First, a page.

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UK Cyber Security Breaches Survey 2017: cyber security awareness must increase beyond board and IT staff

The UK Cyber Security Breaches Survey 2017 once again indicates widespread senior management awareness of risks, but a lack of training and policies for non-specialist staff.

As part of the National Cyber Security Strategy 2016-2021, the UK Government has published the findings of the Cyber Security Breaches Survey for 2017. The survey results provide an insight into the costs and impact cyber breaches have had on UK businesses, the awareness and attitudes of businesses towards cyber security generally and the approach businesses have taken towards protecting themselves against such risks.

The 2017 study comprised a telephone survey of 1,523 UK private sector businesses selected to be statistically representative of the UK business population, and 30 in-depth interviews.

The findings show the nature and extent of the attacks and breaches being experienced by businesses.

  • The average cost of a cyber-security breach for a large business is £19,600, and £1,570 for a small to medium size business.
  • 46% of British businesses discovered at least one cyber security breach or attack in the past year, and this figure was greater for medium and larger businesses.
  • 72% of reported cases of cyber security breaches occur after a staff member receives a fraudulent email.
  • The typical business is likely to experience a small number of breaches in the space of a year, however a select group will be a victim of considerably more.

However, whilst the majority of businesses are more aware at a senior management level that cyber security is a risk, and 74% describe it as a high priority when asked, fewer have actually taken steps to deal with the risk in any formal manner:

  • Only a third have a formal cyber security policy.
  • Only 20% had staff attend any form of cyber security training and non-specialist staff (those who are not senior management or IT staff) were much less likely to have had any such training.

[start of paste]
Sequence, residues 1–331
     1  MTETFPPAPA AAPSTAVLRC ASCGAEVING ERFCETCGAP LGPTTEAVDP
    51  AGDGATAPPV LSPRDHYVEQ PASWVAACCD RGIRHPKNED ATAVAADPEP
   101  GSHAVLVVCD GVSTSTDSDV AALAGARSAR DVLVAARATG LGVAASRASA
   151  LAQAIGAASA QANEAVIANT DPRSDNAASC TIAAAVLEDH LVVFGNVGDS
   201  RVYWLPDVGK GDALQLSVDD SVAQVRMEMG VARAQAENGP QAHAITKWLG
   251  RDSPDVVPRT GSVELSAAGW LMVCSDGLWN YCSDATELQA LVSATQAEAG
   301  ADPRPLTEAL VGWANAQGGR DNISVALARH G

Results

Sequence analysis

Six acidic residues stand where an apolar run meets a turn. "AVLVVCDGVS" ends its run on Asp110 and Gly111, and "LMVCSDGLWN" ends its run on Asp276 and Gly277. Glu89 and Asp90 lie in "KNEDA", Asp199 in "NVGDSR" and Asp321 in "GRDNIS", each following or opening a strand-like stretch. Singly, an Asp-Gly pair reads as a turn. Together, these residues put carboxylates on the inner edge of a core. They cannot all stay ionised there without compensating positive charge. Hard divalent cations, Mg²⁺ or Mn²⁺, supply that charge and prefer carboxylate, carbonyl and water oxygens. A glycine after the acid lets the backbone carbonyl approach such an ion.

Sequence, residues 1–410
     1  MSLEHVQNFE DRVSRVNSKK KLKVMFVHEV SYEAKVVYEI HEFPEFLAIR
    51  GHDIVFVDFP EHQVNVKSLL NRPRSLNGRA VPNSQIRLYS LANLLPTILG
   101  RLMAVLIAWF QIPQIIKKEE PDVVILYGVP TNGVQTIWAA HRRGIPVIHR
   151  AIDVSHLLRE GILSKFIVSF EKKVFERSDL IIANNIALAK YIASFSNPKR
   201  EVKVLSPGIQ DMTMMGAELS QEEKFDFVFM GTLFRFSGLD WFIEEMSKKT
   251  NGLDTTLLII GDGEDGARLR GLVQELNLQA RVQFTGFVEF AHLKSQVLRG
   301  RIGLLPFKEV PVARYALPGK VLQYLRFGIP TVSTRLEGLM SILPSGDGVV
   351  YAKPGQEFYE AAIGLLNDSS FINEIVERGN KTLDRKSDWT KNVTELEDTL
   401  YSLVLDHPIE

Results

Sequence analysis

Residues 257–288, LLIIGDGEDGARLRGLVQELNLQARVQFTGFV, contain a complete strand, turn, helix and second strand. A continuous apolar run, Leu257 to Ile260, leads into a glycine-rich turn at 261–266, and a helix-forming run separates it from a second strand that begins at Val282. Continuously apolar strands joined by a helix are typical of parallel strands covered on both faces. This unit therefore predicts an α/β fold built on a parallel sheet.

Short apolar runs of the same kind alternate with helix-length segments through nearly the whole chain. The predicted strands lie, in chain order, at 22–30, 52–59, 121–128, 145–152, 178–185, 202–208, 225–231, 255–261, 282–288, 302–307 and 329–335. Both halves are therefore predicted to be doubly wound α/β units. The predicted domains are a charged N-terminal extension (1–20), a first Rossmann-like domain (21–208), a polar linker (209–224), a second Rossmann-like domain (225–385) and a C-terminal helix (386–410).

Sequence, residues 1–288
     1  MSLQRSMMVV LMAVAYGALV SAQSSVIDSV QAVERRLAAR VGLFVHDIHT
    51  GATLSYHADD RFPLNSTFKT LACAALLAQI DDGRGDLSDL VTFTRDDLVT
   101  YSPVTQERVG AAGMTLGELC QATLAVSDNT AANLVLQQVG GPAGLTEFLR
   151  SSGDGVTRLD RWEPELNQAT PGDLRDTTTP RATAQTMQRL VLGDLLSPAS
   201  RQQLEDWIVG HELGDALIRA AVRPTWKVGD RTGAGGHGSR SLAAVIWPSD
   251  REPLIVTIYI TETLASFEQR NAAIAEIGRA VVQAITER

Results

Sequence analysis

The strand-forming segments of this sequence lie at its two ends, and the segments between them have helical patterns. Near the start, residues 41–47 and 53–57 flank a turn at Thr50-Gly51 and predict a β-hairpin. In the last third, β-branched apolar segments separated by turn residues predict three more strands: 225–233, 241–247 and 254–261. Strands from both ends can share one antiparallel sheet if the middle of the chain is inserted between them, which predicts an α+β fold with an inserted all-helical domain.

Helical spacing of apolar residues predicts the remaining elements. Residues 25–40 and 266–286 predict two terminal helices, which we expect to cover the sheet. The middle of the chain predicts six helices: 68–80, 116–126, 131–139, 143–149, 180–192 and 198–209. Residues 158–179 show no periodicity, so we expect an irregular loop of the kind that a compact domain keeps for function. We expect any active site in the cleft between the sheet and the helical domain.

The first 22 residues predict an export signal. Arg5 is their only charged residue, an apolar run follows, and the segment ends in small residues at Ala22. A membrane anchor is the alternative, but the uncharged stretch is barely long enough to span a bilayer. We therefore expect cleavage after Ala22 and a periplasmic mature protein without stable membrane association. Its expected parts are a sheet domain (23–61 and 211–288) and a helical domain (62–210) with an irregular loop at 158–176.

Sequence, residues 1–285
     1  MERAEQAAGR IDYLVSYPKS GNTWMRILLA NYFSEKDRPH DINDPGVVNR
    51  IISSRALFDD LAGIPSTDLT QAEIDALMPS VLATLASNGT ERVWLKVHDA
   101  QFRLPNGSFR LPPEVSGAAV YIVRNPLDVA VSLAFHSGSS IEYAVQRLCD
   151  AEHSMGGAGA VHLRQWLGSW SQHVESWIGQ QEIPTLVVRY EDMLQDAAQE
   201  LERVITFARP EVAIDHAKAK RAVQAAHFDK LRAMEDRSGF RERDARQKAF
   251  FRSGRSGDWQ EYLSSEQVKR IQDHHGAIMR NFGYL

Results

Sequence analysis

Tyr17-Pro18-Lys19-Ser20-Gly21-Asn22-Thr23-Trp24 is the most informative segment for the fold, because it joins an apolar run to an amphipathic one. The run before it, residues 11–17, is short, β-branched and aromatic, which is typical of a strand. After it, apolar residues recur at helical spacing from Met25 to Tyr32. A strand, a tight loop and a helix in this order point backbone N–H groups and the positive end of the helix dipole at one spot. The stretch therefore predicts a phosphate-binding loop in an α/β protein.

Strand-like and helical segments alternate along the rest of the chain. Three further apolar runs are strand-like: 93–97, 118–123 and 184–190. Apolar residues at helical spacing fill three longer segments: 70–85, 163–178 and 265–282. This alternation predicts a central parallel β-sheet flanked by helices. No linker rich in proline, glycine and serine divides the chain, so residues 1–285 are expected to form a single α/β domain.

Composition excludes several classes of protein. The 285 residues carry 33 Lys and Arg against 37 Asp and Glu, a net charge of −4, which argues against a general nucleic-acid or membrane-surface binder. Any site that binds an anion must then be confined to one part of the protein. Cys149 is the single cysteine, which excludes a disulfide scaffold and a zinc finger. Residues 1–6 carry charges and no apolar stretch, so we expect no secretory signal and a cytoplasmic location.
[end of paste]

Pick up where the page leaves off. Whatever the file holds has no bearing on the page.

• Only 13% require their suppliers to comply with specific cyber security standards and good practice.
  • Only 11% have a cyber security incident management plan.

WAB Comment

This annual UK Government-funded survey again shows that cyber security is a major and costly issue for businesses but that training and policies are not being widely implemented.

Our own experience of training various organisations shows that, despite technical measures such as firewalls, many members of staff do not have an awareness of issues such as ransomware and what to do in the event of a breach.

Non-specialist staff are increasingly likely to be exposed to scams such as CEO fraud (where cybercriminals impersonate executives to get employees to transfer money, confidential information etc.), meaning that a good (but non-technical) awareness of such threats through training, supported by rigorous policies and incident management plans are key aspects of protection for any business against cyber crime.  This year’s survey suggests there is much scope for improvement.

To see the full report, please click here.

For more information on cyber security and the services White & Black can offer, please contact Nicholas Mitchell (Nicholas.Mitchell@wablegal.com) or Nick Mathys (Nick.Mathys@wablegal.com).

Disclaimer: This article is produced for and on behalf of White & Black Limited, which is a limited liability company registered in England and Wales with registered number 06436665. It is authorised and regulated by the Solicitors Regulation Authority. The contents of this article should be viewed as opinion and general guidance, and should not be treated as legal advice.

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